Often in mild to moderate cases of periodontitis, many patients do not require any further active treatment. Periodontitis however is something that can return without proper care. Therefore, all patients need to make a commitment to ongoing maintenance therapy (professional cleanings) and vigilant homecare to sustain dental health. Non-surgical therapy does have its limitations and when it does not achieve periodontal health, surgery is recommended.
When gum disease has progressed beyond a point where the patient is able to adequately clean their gums or when scaling and root planing does not help to restore periodontal health, periodontal surgery may be advised. The Most common surgical procedures are:
The goal of pocket reduction surgery is to reduce or completely eliminate the periodontal pockets that have formed due to bone loss. This is achieved by cleaning out the infected pockets and then repositioning the gums to the new bone level. Often, due to the nature of the gum disease, the bone that was damaged by the bacteria needs to be recontoured to allow the gum tissue to sit properly on the bone. It is crucial to understand that while pocket reduction surgery can lead the gums and the body back to health, the potential for gum disease to recur will always remain. As a result, a lifetime of good home care and routine dental cleanings are mandatory. Otherwise there is a significant chance that the periodontal disease will return.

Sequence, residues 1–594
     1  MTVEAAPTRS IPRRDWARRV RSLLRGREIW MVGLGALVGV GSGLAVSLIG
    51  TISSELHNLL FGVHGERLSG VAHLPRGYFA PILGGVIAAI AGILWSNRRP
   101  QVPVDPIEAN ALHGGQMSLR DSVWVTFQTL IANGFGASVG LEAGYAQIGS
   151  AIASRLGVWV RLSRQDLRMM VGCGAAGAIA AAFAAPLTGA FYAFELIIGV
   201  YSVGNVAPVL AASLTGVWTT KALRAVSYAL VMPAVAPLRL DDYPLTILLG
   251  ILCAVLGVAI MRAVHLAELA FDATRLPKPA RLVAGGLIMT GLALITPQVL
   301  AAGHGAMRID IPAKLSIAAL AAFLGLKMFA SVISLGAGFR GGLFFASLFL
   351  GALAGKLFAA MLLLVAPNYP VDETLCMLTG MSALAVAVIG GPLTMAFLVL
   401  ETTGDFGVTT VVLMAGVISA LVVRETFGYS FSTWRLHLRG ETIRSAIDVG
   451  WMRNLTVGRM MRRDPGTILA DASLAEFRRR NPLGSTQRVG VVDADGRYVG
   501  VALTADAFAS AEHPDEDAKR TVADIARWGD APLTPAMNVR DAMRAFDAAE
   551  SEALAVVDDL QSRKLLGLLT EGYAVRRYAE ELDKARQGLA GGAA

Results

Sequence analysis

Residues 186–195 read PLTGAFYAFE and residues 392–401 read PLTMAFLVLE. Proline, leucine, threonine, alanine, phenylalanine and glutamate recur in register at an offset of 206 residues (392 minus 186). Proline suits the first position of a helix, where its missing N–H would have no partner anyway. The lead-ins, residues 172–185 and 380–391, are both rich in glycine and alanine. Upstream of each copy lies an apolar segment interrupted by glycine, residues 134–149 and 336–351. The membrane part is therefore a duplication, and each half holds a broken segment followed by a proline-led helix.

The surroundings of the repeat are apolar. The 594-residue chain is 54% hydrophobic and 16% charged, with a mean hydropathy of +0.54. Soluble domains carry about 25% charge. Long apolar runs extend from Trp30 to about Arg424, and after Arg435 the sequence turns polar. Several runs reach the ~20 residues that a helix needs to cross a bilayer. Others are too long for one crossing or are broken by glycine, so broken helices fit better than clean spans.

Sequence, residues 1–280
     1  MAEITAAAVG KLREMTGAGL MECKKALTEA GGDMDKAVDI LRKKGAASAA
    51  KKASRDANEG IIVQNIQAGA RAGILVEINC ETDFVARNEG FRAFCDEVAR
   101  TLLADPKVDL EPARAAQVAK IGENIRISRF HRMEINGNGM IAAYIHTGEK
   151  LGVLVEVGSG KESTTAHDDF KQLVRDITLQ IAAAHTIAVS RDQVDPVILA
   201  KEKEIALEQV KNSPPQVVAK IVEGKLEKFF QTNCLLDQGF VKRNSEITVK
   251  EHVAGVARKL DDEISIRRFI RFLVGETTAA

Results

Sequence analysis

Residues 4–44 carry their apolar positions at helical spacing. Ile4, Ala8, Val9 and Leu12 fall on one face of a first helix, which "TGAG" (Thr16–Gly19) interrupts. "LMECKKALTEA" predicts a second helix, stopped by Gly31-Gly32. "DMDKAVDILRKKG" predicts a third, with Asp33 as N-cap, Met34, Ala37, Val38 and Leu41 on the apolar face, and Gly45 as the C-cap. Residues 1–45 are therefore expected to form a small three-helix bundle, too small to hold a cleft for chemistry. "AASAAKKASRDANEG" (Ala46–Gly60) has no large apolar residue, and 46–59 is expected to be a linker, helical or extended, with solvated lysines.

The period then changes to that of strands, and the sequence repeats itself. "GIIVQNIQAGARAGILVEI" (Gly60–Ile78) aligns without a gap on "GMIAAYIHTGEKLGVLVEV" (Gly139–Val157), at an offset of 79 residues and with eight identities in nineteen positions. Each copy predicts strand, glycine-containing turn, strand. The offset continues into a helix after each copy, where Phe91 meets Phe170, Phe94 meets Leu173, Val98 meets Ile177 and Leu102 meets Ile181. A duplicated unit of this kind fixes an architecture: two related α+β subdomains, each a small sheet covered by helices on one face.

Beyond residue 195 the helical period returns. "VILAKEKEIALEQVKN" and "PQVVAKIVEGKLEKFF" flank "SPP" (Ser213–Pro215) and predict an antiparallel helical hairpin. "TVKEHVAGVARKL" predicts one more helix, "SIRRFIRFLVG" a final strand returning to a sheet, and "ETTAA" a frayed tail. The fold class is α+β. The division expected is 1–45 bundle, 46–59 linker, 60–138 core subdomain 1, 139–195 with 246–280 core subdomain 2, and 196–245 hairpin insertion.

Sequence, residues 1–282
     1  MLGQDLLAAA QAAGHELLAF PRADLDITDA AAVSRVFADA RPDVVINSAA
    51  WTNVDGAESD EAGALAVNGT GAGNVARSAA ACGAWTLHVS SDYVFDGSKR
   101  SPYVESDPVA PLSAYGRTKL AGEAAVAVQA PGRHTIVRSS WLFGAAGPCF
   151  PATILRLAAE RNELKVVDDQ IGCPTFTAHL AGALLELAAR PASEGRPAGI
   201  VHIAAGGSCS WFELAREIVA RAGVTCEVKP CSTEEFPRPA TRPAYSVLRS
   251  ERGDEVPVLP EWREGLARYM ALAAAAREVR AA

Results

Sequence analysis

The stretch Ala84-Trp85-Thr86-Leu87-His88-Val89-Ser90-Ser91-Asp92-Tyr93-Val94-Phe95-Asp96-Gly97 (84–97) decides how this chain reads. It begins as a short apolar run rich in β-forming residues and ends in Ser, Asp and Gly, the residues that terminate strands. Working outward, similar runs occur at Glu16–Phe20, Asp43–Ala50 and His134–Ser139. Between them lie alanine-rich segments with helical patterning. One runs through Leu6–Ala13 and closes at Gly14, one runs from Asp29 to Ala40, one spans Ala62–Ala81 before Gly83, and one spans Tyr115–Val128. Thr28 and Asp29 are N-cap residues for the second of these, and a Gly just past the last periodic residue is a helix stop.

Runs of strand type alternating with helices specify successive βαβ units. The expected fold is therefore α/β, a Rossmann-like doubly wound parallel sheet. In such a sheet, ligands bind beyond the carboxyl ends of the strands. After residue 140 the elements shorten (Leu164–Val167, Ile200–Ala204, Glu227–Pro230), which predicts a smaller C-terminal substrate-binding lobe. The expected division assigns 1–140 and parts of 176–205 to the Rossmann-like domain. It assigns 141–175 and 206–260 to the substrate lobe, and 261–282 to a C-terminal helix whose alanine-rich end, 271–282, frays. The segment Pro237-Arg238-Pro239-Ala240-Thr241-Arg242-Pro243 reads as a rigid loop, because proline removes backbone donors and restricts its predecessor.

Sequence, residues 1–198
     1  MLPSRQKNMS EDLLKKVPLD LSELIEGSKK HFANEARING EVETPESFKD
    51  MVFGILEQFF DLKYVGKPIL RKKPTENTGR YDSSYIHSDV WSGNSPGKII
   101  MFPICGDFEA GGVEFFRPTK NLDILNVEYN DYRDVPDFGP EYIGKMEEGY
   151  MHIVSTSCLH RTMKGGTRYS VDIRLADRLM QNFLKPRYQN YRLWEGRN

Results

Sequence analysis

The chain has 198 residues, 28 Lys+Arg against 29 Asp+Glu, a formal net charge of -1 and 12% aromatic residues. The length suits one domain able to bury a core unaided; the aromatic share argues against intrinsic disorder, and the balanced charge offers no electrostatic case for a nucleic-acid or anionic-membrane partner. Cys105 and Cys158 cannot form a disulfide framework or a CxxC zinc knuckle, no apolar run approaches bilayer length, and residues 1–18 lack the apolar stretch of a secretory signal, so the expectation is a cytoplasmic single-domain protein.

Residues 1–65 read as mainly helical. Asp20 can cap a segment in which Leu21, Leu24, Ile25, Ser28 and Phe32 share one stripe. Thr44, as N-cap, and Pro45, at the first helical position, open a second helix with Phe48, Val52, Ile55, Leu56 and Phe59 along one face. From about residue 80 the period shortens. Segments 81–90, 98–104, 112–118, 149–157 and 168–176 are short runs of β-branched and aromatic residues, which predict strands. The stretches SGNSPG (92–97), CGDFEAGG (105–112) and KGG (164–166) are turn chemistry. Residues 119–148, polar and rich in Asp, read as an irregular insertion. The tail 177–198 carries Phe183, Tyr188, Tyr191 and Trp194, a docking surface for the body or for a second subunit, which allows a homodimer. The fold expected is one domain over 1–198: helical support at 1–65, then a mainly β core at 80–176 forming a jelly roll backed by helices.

In certain cases, the pattern of bone loss will allow for regeneration to occur. Using grafting materials we're able to actually regrow bone and periodontal ligament. This is a newer procedure than pocket reduction. If possible to perform, it has a more favorable prognosis than pure pocket reduction. And, modern periodontic treatment will generally involve pocket reduction and guided tissue regeneration where possible.
Periodontal maintenance is essential to the ongoing stability and health of your teeth and gums. Optimal periodontal health requires regular follow up care. We will advise the frequency of your follow up care based on the severity of your gum problem. It usually involves visits in 3-4 month intervals.
Gum recession is a multifactorial phenomenon. It is related primarily to genetics and is increased by external factors such as gum disease, acid erosion, teeth grinding and abrasive diet. The result is teeth that look longer and have exposed roots. Patients with root recession often experience sensitivity to cold in the affected area. Recession can also create an esthetic defect if the recession is visible when smiling because the root of the tooth will show.
There are a few reasons that recession should be treated:
In all cases, the treatment modality remains the same. The gum treatment involves using a donor graft and placing it in the site of the lost gum tissue. There are two different sources of gum tissue:
Both materials have their advantages and disadvantages. We would be happy to discuss all your options.
Crown lengthening is done when a tooth needs to be restored, but not enough tooth is present to support a crown or a filling. This can happen when a tooth breaks off at the gum line, or a crown or filling falls out of a tooth that has extensive decay underneath. In order to restore the tooth, gum tissue and bone needs to be removed. This allows more tooth structure to be available above the gum line in order to properly restore the tooth.